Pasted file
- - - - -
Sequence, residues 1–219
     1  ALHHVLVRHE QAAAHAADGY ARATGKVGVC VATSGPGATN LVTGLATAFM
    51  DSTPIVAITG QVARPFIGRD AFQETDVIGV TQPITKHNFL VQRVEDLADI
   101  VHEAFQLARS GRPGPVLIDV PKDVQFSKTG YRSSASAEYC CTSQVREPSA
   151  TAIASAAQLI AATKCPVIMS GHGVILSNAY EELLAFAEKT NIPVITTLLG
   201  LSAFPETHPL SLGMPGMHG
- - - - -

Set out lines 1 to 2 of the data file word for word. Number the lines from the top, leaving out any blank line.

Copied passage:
Sequence, residues 1–219
     1  ALHHVLVRHE QAAAHAADGY ARATGKVGVC VATSGPGATN LVTGLATAFM